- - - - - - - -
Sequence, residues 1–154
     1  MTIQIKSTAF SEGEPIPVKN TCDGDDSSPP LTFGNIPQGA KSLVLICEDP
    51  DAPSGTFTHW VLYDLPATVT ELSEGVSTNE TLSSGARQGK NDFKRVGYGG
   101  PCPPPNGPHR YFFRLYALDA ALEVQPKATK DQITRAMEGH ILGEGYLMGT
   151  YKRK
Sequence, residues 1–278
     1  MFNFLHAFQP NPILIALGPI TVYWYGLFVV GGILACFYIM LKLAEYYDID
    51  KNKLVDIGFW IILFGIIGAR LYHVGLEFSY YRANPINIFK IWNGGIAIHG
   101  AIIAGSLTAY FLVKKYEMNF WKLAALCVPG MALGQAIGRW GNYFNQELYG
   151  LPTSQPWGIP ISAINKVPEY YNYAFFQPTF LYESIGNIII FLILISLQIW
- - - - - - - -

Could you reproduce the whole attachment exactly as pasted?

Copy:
Sequence, residues 1–154
     1  MTIQIKSTAF SEGEPIPVKN TCDGDDSSPP LTFGNIPQGA KSLVLICEDP
    51  DAPSGTFTHW VLYDLPATVT ELSEGVSTNE TLSSGARQGK NDFKRVGYGG
   101  PCPPPNGPHR YFFRLYALDA ALEVQPKATK DQITRAMEGH ILGEGYLMGT
   151  YKRK
Sequence, residues 1–278
     1  MFNFLHAFQP NPILIALGPI TVYWYGLFVV GGILACFYIM LKLAEYYDID
    51  KNKLVDIGFW IILFGIIGAR LYHVGLEFSY YRANPINIFK IWNGGIAIHG
   101  AIIAGSLTAY FLVKKYEMNF WKLAALCVPG MALGQAIGRW GNYFNQELYG
   151  LPTSQPWGIP ISAINKVPEY YNYAFFQPTF LYESIGNIII FLILISLQIW